Bare Root Planting Season

9. February 2014 20:29

Planting phase two of the orchard was not nearly as big a chore as was the initial row planting last year. Primarily because the ground had been prepared and holes dug out (and refilled loosely) during the summer months.

The plan for what was to be planted changed several times between last January and when the orders were placed in late October / early November. The first change was the decision to make the orchard two terraced rows instead of a hillside. It started with leveling out some of the ground around the initial row. But it became pretty clear in a short time that walking back and forth across a hill was a lot harder than walking on a level surface. Thinking about the odds of a misstep in the future, a lot more shovel work went into the preparation and a terraced plan emerged.

Then there was the huge chunk of sandstone discovered just below the surface in the center of the second row of the orchard. There was no way a self-respecting fruit tree could exist with that where the roots should go, so it was excavated, the soil added to the terrace and perhaps it will eventually seem decorative.

The bench graft apple trees ordered in March were yet another change to the plan. They filled most of the terrace to one side of the rock outcropping. A trip to the local demonstration orchard created another influence on what was to be planted this winter. There was a grouping of peach and nectarine trees in full bloom. It was lovely, and there were also daffodils planted in the orchard under the trees. The daffodil part was a simple addition. I would have been looking for a place to plant those. The flowering trees turned out to be varieties I had not seriously considered, yet they seemed to have good reviews for taste and had other good qualities.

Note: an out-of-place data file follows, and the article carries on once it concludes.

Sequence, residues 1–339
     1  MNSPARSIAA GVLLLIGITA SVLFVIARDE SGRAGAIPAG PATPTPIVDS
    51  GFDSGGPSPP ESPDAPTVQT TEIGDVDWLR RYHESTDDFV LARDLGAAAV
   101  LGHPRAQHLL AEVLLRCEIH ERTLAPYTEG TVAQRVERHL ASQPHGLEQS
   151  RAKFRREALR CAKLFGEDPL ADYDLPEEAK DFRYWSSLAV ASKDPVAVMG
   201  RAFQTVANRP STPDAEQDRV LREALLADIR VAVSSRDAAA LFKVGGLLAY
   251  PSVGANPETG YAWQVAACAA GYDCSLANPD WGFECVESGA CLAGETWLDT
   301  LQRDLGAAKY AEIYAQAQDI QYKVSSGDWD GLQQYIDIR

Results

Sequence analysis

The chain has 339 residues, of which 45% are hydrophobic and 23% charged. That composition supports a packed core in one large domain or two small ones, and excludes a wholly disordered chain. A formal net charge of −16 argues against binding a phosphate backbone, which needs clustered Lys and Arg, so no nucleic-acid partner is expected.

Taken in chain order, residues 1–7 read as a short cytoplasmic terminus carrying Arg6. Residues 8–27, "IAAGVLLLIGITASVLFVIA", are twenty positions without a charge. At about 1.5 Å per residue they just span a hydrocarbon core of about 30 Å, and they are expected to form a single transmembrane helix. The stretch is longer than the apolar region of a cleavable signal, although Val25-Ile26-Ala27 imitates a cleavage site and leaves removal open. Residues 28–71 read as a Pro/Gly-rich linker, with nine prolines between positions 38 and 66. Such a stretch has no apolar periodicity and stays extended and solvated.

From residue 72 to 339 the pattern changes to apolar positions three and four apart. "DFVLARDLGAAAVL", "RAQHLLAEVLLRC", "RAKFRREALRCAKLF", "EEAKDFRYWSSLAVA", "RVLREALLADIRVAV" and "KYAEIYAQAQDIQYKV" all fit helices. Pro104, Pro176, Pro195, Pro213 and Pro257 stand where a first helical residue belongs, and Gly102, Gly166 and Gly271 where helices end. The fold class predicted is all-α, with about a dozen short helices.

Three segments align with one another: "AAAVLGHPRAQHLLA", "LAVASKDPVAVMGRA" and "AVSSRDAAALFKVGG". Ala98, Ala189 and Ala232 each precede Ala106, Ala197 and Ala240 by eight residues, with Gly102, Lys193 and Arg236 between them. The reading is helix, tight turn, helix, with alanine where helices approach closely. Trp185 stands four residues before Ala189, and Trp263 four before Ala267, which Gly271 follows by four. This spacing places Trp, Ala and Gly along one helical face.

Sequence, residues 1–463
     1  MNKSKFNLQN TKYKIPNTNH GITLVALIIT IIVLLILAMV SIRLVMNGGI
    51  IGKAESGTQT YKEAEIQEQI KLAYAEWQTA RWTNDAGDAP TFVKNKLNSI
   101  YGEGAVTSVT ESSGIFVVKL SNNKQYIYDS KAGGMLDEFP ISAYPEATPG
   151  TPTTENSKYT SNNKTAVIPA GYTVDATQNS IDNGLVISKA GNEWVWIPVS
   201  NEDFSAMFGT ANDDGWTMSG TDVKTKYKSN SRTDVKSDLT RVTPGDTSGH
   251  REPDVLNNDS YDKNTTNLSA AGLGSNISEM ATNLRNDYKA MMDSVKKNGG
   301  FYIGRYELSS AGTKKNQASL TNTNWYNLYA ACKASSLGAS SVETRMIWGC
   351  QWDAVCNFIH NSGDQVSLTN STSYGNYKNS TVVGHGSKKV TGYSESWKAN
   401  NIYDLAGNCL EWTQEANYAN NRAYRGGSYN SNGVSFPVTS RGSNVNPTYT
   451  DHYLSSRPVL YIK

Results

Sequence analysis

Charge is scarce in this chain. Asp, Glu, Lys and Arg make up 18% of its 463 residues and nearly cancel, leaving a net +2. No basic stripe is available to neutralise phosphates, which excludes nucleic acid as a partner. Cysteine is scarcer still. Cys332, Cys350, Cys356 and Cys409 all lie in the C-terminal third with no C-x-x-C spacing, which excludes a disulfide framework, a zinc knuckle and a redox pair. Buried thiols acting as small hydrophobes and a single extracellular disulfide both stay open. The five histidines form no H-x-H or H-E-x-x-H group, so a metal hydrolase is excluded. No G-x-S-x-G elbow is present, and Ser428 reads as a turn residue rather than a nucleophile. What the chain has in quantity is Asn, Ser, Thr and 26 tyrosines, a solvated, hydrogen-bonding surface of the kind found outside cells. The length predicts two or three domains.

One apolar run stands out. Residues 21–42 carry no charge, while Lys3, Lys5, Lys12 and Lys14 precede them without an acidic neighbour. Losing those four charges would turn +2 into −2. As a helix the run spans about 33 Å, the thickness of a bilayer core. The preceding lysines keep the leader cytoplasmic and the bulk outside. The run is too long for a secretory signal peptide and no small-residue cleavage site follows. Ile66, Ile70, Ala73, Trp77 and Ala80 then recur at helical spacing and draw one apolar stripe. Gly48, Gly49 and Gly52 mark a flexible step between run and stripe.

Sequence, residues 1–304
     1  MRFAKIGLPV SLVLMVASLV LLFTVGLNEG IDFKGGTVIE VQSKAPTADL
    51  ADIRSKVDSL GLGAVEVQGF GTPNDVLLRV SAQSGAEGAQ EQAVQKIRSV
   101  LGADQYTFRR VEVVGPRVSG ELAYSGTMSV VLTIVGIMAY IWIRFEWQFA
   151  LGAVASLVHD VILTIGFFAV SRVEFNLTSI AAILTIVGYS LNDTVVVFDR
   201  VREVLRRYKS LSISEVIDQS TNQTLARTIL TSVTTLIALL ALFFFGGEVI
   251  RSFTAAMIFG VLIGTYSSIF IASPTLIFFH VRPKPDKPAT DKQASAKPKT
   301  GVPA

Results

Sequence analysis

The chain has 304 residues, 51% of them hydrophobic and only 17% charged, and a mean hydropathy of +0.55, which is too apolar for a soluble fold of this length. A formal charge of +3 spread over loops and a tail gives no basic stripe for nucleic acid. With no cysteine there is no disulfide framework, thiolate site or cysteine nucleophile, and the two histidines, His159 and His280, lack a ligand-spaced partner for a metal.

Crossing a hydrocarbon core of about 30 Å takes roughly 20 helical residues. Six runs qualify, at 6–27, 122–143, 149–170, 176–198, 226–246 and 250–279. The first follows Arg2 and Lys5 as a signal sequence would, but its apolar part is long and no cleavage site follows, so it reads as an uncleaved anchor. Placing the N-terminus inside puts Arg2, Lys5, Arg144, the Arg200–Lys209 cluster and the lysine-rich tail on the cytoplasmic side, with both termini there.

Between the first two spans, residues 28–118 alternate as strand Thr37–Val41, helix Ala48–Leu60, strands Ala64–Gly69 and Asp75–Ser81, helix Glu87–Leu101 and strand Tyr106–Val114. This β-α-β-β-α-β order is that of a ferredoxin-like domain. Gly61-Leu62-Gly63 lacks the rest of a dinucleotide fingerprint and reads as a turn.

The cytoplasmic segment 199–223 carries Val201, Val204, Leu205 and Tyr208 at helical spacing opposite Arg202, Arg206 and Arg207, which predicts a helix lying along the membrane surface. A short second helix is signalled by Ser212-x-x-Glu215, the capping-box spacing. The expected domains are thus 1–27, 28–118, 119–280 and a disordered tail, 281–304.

So the Asian pears, quince and persimmon were preempted in favor of more peaches, nectarines, plums and apricots. It was supposed to be a three to four year plan. I will probably find spots for the ones that got bumped off this year's list before I am done.

 

(See photos of the orchard progress at http://gallery.vistagrande.com/album.aspx?aid=125.)

Wild winter weather

3. February 2014 22:10

Yesterday we received .51 inches of rain according to our weather station. That brings the total for 2014 up to .54" -- the additional amount having arrived mid-last week. Normally in this area January is wet and dreary. This year the January weather was more like summer. Actually, it was better than that since it lacked the fog and the nighttime temperatures did not drop as much as they had in August. As show in the photo, we had daytime temperatures into the 80's in January.

Typically the local hillsides turn green in December. As of the beginning of February they are still brown due to the lack of rain. If one looks around, many trees, both landscape and native, are in serious condition as a result of the drought and may not survive.

The lack of cooler temperatures also has a lot of the garden plants confused. Blackberries are blooming and some of the blueberries have fruit. The 4-in-1 apple tree that was planted last winter is blooming but never dropped its leaves from the past season. Likewise, three out of the four low chill pears are essentially evergreens this year. Most of the stone fruit trees had dropped some percentage of their leaves. However, the retained leaves were anything but pretty, so I finally started removing the stragglers. We only have two more weeks according to the calendar for the fruit trees to get in their "chill hours" and from the looks of things, most will have bloomed before then.

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